2. Keep it Simple

Also by now you have also witnessed a diver entering the water with too many gadgets. For example, carrying a camera, three dive computers, a tickle stick for lobsters and also a scooter: What is this diver trying to accomplish? Why do they need all the gear? By keeping equipment simple, there are fewer things to be distracted by, less things to get entangled with, and by default less thing to fail. A diver using a streamlined, clean set up is much more able to deal with issues that come up underwater.

Knowing the location and how to use your equipment in an emergency is key to becoming a competitent solo diver

3. Understanding your equipment

This is by far the most important thing when talking about equipment configuration. The reason is if the solo diver does not know how to use or where it is located on them in an emergency, then they will most certainly compound the problem. For example let say a diver normally carries their knife on their leg, but on a dive they decide to carry it in their BCD. The diver becomes entangled, there first reaction, because this is the way they trained, is to reach for their leg. But low and behold they realize the knife is not there, resulting in an increased level of anxiety. The diver ultimately remembers the knife is in their BCD and releases themselves from the entanglement, but he did learn a valuable lesson. DON'T CHANGE ANYTHING WITHOUT GETTING EXPERIENCE FIRST.

One of the things many instructors like to do when presented with a diver with experience is ask them why they like their equipment set up the way they have it. There is only one right answer to this question, because this is what I know and am comfortable with. An example of a wrong answer would be because my buddy told me to do it that way.

So in conclusion, a solo diver does need a little more equipment but nothing too overwhelming. The key is to keep it streamlined and know how everything works and its location on the diver at all times.

Review Questions

1. The primary equipment modification required of a solo diver; it is for them to carry a__

2. An excellent solution to managing catastrophic gas failure for the single tank diver is use of a__. This typically is a small volume cylinder complete with_

3. What type of gas should be in a solo diver's redundant gas source?

4 . Three pieces of additional equipment are required for the solo diver to be properly prepared. These are:

5. One of the most hotly debated topics of all experienced divers is gear configuration. While your instructor may give you specific guidance concerning gear that works in your local environment, there are three universal issues all experienced divers seem to agree on with regards configuration. There are:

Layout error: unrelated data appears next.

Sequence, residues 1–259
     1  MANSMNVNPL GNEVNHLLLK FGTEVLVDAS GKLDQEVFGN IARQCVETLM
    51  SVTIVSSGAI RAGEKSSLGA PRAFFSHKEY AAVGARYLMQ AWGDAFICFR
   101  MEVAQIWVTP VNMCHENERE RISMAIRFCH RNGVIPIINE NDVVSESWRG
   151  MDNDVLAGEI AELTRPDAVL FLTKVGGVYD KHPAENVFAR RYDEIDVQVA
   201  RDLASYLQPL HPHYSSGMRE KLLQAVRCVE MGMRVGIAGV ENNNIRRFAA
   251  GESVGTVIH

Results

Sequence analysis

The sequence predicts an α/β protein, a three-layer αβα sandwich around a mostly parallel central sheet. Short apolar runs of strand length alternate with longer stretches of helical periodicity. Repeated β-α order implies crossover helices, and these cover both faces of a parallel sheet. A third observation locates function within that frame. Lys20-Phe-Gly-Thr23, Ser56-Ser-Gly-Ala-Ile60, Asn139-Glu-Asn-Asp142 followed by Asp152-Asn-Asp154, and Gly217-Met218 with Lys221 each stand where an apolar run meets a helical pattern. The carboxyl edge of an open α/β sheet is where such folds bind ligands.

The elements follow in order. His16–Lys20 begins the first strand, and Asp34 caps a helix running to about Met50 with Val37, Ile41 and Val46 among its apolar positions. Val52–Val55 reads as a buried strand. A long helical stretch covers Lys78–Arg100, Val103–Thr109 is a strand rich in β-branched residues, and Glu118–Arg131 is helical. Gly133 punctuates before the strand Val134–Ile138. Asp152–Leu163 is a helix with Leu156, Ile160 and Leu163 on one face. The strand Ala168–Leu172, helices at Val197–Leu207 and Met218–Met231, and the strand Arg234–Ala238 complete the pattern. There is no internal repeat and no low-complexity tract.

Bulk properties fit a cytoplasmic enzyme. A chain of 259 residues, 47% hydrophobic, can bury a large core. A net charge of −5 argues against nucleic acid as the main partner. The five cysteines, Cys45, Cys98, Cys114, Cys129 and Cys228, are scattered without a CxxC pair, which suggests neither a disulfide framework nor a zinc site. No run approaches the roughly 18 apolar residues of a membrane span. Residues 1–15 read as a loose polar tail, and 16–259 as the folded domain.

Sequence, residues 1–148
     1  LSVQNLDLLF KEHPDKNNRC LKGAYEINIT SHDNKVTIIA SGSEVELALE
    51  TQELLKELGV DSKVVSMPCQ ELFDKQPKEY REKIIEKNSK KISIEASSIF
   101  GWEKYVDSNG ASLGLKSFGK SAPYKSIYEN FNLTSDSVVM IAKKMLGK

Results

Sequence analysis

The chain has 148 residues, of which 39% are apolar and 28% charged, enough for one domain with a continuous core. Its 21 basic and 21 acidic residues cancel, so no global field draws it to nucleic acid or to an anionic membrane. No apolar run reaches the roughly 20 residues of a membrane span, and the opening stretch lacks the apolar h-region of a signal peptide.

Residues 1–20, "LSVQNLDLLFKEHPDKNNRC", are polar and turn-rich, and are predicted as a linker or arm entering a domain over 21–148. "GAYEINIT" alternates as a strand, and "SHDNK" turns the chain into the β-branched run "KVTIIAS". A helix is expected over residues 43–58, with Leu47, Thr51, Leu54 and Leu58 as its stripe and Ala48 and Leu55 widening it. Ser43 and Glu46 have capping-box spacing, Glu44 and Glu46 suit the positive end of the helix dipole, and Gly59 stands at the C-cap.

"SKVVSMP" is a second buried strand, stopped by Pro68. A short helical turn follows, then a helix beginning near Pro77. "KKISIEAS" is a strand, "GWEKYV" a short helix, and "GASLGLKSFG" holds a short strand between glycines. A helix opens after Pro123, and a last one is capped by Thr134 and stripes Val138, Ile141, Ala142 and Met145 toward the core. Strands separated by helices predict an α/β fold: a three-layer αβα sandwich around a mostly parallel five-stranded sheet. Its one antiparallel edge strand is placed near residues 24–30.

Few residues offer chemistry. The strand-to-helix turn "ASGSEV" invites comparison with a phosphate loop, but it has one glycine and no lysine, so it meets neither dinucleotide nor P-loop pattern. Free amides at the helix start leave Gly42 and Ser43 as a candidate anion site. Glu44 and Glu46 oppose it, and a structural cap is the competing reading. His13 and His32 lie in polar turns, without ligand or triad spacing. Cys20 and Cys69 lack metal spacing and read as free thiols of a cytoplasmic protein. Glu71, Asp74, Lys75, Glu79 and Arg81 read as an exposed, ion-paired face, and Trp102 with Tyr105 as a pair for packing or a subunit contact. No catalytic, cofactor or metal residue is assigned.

The "Perfect" Dive Plan

In this chapter, you'll learn about:

• Using a checklist to help plan for solo dives

• Ways to make your dive plans more closely reflect real-world diving

• Next Steps upon graduation

A Default Plan

It should have become obvious at this point in your diving experience that drawing up a detailed dive plan is an essential part of having a safe and enjoyable dive. You more than likely have also figured out that, although there are several variables unique to each and every dive plan, all dive plans have to answer many of the same questions: how deep; how long; how much gas; what type of gas; etc., etc.

It's a short step from there to an understanding that the process of creating detailed dive plans can - and should -follow the same basic steps every time. To help construct our dive plans we use a default "cheat sheet" that's rather like a pre-flight check list pilots use before flying. For solo divers, this cheat sheet helps to standardize dive planning procedures, helps to provide answers for many of the truly vital questions - without forgetting any of them - and saves us time.

Chances are you already have something like a default plan somewhere in your dive kit, on your computer or kicking around in a desk drawer, but here for the sake of comparison is one we have found a workable "default" that's been useful in helping with the majority of our solo dives. (A solo dive planning slate, containing all the following information is available from your SDI solo diving instructor or dive center.)

Solo Dive Planning Slate



Solo Dive Planner:

This planner belongs to:_





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Guide To Scuba Diving

Guide To Scuba Diving

Many people think that space is our final frontier and that is not entirely true. While it is more difficult to get to outer space, we probably know more about the various planetsand environments in space than wedo about what lies beneath the surface of our oceans.

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